The appearance of rippling water was created by carving grooves into the top of a ¼ inch plastic disk, then heat polishing the surface. The disk rotates on a tiny gear motor, distorting the light from blue and cyan LEDs mounted under the disk. A scrap molex connector is used to provide 12v DC for the LEDs and 5v DC for the gear motor. LEDs are arranged in series of three, with a current-limiting resistor for each group.
[caption id="attachment_51" align="alignnone" width="300" caption="Step 1: Grooves are carved into a 4" disk of clear acrylic."][/caption]
[caption id="attachment_52" align="alignnone" width="300" caption="Step 2: Polish the surface of the disk with a heat gun."][/caption]
[caption id="attachment_53" align="alignnone" width="300" caption="Step 3: Mount the motor and LEDs to the circuit board."][/caption]
[caption id="attachment_54" align="alignnone" width="300" caption="Step 4: Create a frosty block to hold the wheel and hide the circuit board, and mount it in the case."][/caption]
The waterfall and coolant hoses were illuminated by attaching two 15" ultraviolet tubes attached behind the front of the case and a third 12" tube at the rear. I found three cyan LEDs with a distinctive green tint, which I mounted behind the power button at the front of the case. I created an oversized power button with a couple of layers of clear plastic that I carved to look like multiple thin layers in a dome-shaped cover that snaps onto the switch shaft.
[caption id="attachment_55" align="alignnone" width="300" caption="Cool Lighting: LEDs in the feet, power supply, and the front power button; Ultraviolet CCFT tubes in front and rear of the case."][/caption]
Cool Lighting: LEDs in the feet, power supply, and the front power button; Ultraviolet CCFT tubes in front and rear of the case.
The penguin mod wasn’t intended to be my day-to-day system; however I still wanted it to be fully functional for whatever use I chose for it. I kept the required components to a minimum and didn’t install a floppy drive, modem or other expansion devices. If I need a floppy, I can always connect a USB floppy drive.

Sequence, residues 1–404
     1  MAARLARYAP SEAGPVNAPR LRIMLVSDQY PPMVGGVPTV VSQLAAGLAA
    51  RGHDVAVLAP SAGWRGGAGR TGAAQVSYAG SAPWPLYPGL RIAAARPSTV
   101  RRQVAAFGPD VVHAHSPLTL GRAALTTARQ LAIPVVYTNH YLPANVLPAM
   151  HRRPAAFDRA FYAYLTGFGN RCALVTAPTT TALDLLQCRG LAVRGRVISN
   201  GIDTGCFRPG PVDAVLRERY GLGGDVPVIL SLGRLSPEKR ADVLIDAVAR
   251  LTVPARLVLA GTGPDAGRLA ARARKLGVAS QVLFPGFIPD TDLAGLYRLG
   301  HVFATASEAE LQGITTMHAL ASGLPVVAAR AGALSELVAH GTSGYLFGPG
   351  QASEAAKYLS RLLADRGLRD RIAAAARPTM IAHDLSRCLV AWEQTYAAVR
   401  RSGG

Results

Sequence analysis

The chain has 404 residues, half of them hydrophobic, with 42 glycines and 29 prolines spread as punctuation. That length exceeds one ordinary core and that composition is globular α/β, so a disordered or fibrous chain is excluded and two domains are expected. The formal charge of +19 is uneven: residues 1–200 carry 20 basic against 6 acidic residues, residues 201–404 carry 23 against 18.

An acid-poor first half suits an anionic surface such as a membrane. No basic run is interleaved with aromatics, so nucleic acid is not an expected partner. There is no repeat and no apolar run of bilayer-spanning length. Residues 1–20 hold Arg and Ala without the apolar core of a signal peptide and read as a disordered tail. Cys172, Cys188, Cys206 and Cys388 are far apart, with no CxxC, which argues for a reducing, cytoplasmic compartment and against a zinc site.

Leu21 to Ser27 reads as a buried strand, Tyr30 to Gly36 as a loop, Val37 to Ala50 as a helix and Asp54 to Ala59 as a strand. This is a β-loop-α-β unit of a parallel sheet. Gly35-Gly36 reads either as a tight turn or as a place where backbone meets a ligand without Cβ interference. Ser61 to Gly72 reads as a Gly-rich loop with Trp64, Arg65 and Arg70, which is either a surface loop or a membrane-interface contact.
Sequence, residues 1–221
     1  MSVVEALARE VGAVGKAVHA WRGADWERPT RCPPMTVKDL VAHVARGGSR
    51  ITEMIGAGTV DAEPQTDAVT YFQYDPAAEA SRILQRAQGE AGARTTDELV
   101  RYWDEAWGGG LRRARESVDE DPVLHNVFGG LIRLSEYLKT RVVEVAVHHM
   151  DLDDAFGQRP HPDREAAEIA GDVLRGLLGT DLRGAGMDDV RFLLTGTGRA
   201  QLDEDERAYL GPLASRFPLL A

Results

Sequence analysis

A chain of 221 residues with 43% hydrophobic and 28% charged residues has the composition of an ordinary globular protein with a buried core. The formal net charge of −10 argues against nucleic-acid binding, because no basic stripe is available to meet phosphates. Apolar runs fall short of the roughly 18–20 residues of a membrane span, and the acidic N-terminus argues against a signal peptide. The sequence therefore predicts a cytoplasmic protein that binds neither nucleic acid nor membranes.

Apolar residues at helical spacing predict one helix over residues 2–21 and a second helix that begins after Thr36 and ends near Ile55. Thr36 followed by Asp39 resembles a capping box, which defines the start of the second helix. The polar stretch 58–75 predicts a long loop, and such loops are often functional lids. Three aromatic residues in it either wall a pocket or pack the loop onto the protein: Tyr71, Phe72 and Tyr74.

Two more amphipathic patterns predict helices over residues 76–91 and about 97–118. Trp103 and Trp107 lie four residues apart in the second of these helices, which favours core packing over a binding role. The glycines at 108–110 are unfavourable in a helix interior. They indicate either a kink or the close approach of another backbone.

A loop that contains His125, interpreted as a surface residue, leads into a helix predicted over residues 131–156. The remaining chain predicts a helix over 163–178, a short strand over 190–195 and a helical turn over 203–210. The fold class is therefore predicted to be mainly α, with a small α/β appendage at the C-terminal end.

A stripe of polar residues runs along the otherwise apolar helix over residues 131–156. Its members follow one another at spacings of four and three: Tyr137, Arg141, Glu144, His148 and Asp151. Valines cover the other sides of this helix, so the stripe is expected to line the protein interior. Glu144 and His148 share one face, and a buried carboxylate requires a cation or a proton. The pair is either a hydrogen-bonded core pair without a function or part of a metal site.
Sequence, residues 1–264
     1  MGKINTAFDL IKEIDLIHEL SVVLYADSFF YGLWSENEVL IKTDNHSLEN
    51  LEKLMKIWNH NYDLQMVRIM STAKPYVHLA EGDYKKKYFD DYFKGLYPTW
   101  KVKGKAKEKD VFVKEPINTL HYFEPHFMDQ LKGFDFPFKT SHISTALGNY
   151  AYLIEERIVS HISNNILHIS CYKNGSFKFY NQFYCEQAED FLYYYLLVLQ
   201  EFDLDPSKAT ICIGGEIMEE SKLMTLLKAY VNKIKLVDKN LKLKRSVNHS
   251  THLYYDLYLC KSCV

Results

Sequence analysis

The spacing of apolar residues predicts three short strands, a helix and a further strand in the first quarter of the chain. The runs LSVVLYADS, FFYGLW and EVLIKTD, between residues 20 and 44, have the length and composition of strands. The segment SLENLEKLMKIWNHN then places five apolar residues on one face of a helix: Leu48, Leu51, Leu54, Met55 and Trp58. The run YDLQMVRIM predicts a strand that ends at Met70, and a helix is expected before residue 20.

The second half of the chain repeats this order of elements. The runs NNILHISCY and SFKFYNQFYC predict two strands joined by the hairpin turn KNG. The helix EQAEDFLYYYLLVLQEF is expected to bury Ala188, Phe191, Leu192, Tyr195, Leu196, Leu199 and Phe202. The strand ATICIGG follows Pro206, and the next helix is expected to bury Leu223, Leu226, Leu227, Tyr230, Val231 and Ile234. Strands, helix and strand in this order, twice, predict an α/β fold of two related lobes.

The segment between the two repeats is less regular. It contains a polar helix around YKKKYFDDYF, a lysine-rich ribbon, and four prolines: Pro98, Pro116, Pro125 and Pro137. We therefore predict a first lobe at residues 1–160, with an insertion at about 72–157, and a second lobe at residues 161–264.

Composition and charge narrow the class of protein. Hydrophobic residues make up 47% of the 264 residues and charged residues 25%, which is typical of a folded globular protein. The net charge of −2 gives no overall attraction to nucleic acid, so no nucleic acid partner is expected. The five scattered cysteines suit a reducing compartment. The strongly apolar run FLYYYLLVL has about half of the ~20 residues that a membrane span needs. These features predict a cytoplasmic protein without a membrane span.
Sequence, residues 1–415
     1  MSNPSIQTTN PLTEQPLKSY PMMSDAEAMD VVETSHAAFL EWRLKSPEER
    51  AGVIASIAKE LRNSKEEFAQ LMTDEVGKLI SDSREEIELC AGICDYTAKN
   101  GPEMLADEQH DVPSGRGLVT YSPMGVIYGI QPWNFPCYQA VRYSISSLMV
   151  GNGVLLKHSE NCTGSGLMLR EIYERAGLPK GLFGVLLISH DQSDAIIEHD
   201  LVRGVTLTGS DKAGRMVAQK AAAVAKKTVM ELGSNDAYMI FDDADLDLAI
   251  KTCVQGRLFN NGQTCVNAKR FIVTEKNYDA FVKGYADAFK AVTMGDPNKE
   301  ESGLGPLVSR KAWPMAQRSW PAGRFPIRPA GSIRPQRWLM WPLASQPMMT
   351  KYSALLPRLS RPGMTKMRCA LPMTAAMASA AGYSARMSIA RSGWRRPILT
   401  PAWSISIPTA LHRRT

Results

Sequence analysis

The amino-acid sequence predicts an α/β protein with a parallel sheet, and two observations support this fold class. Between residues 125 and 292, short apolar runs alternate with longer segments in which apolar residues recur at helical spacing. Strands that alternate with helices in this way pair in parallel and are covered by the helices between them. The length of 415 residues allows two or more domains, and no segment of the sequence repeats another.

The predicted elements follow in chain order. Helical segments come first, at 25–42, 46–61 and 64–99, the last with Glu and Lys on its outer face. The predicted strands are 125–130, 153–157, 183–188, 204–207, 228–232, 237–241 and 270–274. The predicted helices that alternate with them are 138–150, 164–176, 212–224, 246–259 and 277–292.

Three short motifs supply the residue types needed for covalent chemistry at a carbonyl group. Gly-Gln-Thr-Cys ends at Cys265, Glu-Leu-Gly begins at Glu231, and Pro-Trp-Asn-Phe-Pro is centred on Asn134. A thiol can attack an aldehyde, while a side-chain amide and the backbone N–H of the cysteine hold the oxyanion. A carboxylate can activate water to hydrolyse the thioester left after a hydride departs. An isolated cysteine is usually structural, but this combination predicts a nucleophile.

I did install a DVD-RW drive, a single 250GB SATA hard drive, and a USB card reader. The video card is an EVGA nVidia 8500 and the system board has the usual 10/100 LAN, serial and parallel ports, USB and sound support. The Intel Core 2 6300 CPU is water cooled as is the hard drive.
[caption id="attachment_56" align="alignnone" width="237" caption="Penguin Mod: "Case Closed""][/caption]
The DVD and card readers were originally black, so I popped the bezels and tray cover off to paint them a metallic flake silver. Initial comments on the case "picked" at the drive appearance, stating that they were too plain, and did not fit the overall character very well. I listened, and went back to update these with some more ice...
[caption id="attachment_57" align="alignnone" width="300" caption="The drives are further concealed by adding some frosted acrylic to the front. "][/caption]
The Thermaltake hard drive cooler is brushed aluminum, so it did not need anything special to fit my designated color scheme. Instead of the typical black radiator, I used a blue one, and installed white Silverstone 120 mm fans on the radiator and in the front of the case.
- System Board: ECS 570 SLIT-A
- CPU: Intel Core 2 Duo 6300
- RAM: 1 GB Patriot 3200
- Video: EVGA nVidia 8500 GT 256MB
- HDD: 250GB SATA
- Optical: Samsung DVD-RW (painted metallic-flake silver)
- Card Reader: USB 7-in-1 Digital Media Drive (painted metallic-flake silver)
- Hard Drive Cooler: Thermaltake (brushed aluminum)
- CPU cooler: Danger Den Socket 775 Water Block
- Radiator: Swiftech Blue
- Fans: Silverstone white 12cm
- Speakers: Computer Expressions Penguin Speakers (modified)
- Cooling Pump: Danger Den DDPDDC
- Waterfall Pump: unknown (salvage)
- Case: Unknown make (salvage)